Even once you fully understand bitwise operators, they’re pretty annoying to work with on a day-to-day basis. That’s why in C, I’ve used these macros for years that simplify the task of performing these common tasks. I’ll leave it as an exercise to figure out why these all work the way they do:

// Basic bitwise operators for our convenience
#define RS_SET_BIT(mask, addedBit) (mask |= addedBit)
#define RS_TEST_BIT(mask, testBit) ((mask & testBit) != 0)
#define RS_CLEAR_BIT(mask, removedBit) (mask &= ~(removedBit))
#define RS_TOGGLE_BIT(mask, toggledBit) (mask ^= toggledBit)

For example, if you were maintaining a list of corner masks, and wanted to remove the kCALayerMinXMaxYCorner value, you just:

CACornerMask existingCornerMask = ... whatever ...
RS_CLEAR_BIT(existingCornerMask, kCALayerMinXMaxYCorner);

It’s more readable, easier to remember, and most importantly easier to get right than always coming up with the exact combination of bitwise operations to remove a value from a binary bitmask.

What about Swift? These macros are based on C’s macro preprocessor, and Swift doesn’t support such a thing. The good news is Swift handles bitmasks in a fundamentally better way, by promoting them to a first-class type called OptionSet. If you’re lucky enough to be working in Swift, you can achieve the same thing as above with:

var existingCornerMask: CACornerMask = ... whatever ... 

Bitwise manipulation is important in most every field of computer programming, and as I said, you should really understand it. But as I also said, once you’ve understood it, you should probably strive to never use bitwise operators again. At least not directly.

Casting Objective-C Message Sends

Mike Ash shares interesting news that the latest Xcode SDKs include a change to the function prototype of Objective-C’s msgSend family of functions. Where objc_msgSend was previously defined in terms of the couple of parameters it usually takes, and with the return type that it sometimes has, it is now declared as taking no parameters and returning no value:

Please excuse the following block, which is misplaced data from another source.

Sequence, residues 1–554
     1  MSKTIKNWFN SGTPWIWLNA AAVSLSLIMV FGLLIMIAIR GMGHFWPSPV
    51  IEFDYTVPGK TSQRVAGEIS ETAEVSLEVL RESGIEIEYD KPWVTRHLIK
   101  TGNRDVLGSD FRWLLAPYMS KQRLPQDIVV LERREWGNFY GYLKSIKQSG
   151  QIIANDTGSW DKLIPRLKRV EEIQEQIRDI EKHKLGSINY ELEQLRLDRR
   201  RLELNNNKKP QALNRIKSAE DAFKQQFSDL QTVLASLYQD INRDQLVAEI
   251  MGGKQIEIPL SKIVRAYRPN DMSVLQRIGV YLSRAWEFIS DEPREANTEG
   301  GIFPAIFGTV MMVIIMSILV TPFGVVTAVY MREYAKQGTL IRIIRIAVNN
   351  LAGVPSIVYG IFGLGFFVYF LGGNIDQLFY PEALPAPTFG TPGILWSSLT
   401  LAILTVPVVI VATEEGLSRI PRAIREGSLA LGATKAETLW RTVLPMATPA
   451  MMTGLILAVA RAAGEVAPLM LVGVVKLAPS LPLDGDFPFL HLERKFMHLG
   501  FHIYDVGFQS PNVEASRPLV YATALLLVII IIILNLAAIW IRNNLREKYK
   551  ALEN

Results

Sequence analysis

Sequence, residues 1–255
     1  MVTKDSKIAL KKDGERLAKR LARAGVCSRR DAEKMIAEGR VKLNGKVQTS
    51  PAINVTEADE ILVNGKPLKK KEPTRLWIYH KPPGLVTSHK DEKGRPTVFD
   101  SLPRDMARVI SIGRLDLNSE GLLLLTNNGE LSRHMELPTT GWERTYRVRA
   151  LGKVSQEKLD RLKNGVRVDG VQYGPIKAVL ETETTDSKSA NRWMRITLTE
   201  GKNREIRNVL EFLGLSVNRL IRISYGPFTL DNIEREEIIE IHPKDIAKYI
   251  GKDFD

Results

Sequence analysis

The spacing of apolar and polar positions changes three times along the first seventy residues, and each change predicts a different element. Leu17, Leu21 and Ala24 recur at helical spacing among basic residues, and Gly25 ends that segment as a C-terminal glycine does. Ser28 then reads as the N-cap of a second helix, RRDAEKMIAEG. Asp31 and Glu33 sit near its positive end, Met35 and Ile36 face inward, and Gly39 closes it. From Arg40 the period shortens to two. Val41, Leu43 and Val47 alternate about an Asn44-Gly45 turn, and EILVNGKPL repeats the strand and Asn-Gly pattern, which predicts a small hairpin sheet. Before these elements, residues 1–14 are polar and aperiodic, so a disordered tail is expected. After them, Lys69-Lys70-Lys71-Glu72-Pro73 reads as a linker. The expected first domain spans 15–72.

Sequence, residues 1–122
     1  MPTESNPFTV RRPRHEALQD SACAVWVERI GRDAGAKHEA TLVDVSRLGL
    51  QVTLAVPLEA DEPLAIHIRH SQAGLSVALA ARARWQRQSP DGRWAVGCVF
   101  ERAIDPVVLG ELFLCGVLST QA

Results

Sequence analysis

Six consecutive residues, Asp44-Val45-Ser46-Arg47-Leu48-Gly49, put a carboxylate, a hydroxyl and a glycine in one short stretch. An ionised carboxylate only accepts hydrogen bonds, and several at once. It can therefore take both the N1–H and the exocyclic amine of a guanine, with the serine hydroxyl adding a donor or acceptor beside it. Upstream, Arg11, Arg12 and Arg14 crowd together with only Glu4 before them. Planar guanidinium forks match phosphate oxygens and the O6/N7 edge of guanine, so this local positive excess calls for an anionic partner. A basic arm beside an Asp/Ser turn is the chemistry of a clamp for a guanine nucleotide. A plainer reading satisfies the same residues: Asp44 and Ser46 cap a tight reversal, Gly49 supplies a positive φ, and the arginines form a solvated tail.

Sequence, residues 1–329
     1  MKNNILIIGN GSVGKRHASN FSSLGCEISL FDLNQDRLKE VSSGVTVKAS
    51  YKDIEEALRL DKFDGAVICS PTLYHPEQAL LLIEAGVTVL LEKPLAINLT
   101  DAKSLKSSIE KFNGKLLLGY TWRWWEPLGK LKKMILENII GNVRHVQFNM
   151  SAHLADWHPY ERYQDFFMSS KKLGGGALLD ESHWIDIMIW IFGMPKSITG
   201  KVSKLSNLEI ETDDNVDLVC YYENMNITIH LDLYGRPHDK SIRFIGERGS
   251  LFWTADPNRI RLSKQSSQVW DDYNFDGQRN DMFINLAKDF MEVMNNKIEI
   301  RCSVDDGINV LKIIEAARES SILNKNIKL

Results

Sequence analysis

objc_msgSend(void /* id self, SEL op, ... */ )

In practial terms, this will have an impact if you are still using direct objc_msgSend calls anywhere in your code. For example, imagine you have a “transformer” class that is capable of performing a variety of text manipulations on strings. You might have some code that derives a “SEL” programmatically and then messages the transformer to perform the action. Here’s a contrived example:

SEL tSEL = @selector(uppercaseString:);
NSString* upString = objc_msgSend(transformer, tSEL, lowString);

While that would have worked previously (apart from some ARC warnings), on the latest SDKs you’ll get a compile-time error on the objc_msgSend call:

Too many arguments to function call, expected 0, have 3

Obviously, you need to pass the arguments or the invocation will be useless, but how do you do it? Mike’s post has the advice:

Because it still has a function type, you can still cast it to a function pointer of the appropriate type and invoke it that way. This will work correctly as long as you get the types right.

As long as you get the types right … so, how does one do that? Mike includes an example of inline-casting objc_msgSend, but if you need to do this more than once in your code, I think a more elegant way of casting objc_msgSend is by declaring a global variable as a function pointer with the desired types: